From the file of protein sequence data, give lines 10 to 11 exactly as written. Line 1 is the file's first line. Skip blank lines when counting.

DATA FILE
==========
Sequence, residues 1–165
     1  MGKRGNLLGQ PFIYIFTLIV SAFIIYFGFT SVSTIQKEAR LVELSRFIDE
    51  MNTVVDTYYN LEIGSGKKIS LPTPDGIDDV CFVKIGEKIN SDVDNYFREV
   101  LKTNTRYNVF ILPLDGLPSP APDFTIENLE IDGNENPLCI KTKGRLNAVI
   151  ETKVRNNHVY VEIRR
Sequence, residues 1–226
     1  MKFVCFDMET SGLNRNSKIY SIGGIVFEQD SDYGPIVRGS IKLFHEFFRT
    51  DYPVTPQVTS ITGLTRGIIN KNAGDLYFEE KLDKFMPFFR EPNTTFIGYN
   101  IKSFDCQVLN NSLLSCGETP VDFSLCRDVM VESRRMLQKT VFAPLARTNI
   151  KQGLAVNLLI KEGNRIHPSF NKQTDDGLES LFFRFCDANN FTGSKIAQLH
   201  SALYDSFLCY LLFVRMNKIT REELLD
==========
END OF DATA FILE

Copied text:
   151  KQGLAVNLLI KEGNRIHPSF NKQTDDGLES LFFRFCDANN FTGSKIAQLH
   201  SALYDSFLCY LLFVRMNKIT REELLD